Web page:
I am appealing to all full-blooded Yoruba, as of today to consciously seek not to mix English with their Yoruba. Yoruba leaders must slowly speak, watching their tongues, not to include any English words inside their Yoruba. It has gotten to a state where such leaders cannot avoid mixing English as they speak Yoruba and their every sentence includes whole English phrases! The late Yoruba leader, Oloye Bola Ige was a pure Yoruba language speaker and other Yoruba leaders should follow his example. This is a “War Against English words entering Yoruba”!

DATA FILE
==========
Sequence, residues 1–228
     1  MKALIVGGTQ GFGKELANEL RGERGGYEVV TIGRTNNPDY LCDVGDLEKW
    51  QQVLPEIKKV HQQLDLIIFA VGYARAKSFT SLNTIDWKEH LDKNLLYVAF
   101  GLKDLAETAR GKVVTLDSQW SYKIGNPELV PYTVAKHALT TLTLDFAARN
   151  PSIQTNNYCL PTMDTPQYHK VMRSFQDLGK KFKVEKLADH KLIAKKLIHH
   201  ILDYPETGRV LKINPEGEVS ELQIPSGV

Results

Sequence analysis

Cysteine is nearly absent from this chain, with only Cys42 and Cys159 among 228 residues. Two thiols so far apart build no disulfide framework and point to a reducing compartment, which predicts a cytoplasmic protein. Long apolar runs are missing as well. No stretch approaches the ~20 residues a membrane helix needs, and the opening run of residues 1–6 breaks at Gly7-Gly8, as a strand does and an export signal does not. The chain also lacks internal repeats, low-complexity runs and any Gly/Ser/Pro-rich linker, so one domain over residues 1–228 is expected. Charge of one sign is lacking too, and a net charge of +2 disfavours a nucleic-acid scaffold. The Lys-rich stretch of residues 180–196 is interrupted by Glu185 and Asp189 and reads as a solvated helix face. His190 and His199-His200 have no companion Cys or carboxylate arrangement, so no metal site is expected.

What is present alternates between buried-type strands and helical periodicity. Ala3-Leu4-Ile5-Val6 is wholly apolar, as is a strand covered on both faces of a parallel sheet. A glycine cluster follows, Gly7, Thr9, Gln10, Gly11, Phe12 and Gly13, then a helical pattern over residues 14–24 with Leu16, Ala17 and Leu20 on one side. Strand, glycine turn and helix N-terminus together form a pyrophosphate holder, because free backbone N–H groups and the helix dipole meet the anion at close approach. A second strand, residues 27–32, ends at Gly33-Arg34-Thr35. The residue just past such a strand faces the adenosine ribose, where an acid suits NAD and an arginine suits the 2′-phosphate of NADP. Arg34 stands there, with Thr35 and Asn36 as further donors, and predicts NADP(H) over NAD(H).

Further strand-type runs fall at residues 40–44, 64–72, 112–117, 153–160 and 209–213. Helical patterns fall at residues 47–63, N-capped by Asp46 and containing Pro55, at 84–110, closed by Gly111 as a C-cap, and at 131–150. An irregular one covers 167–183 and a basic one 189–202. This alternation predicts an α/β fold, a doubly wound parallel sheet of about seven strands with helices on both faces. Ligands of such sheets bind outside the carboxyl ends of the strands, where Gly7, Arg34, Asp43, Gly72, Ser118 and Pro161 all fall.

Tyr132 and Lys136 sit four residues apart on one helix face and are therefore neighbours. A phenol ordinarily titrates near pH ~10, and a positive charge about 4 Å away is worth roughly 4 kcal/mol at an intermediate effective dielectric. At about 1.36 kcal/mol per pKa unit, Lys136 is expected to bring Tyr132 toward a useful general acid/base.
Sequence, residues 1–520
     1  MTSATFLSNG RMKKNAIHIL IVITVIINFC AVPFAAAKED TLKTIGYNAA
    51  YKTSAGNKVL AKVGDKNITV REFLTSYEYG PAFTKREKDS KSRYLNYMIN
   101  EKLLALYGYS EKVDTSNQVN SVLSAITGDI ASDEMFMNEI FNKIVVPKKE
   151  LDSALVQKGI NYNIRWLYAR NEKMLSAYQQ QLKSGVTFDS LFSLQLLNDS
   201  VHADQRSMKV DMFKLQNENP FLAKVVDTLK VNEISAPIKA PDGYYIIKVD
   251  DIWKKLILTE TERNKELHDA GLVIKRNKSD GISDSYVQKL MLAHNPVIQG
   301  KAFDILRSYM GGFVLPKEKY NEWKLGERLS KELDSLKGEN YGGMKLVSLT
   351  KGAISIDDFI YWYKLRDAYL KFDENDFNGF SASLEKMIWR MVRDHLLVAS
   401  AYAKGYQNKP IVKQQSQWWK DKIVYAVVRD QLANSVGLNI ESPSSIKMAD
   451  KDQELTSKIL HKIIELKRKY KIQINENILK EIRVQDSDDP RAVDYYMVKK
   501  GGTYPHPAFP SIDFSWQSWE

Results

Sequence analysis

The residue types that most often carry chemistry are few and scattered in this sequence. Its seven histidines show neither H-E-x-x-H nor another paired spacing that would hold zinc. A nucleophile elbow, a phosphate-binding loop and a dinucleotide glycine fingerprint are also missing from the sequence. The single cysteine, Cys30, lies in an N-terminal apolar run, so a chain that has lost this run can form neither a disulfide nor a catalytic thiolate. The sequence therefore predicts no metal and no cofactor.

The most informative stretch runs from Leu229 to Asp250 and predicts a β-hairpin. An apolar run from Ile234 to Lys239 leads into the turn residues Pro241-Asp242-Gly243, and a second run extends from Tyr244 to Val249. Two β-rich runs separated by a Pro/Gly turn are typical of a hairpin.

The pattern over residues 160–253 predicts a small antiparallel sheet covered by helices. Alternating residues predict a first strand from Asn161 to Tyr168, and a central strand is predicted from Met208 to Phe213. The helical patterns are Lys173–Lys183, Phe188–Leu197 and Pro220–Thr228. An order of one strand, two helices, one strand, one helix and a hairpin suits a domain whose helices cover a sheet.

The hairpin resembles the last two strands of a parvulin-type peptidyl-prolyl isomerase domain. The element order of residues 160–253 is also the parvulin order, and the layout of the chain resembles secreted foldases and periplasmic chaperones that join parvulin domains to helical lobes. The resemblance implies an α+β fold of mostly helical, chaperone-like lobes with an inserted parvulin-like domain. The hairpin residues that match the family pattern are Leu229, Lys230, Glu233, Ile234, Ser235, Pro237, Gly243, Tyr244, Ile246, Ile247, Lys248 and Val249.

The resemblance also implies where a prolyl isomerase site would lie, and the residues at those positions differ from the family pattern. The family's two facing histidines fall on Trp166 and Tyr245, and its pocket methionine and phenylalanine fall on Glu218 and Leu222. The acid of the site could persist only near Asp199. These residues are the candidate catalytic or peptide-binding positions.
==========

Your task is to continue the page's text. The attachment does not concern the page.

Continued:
All clubs and organisations in Yorubaland should hold bi-annual and annual Yoruba Speaking Competitions for the “Best Yoruba Speaker”, with heavy monetary prizes (N20,000 plus) to get Yorubas to consciously practice speaking Yoruba without any English mixture. Yoruba broadcasters are guilty of promoting this deadly trend. Yoruba stations must have quarterly courses in Correct Yoruba Speaking for they are one of the biggest offenders of mixing heavily English into Yoruba. In schools Yoruba teachers must stress the importance of not mixing Yoruba. All private schools in Yorubaland must be required to have classes in Yoruba language from nursery through secondary school levels. There is a “famous” private school in Lagos, owned by Lebanese (or is it Syrians), which does not teach Yoruba on the secondary school level, as required by law. Law enforcement is necessary with frequent unannounced inspections on this crucial issue. And any student who fails to pass Yoruba in Yorubaland must not be allowed to graduate!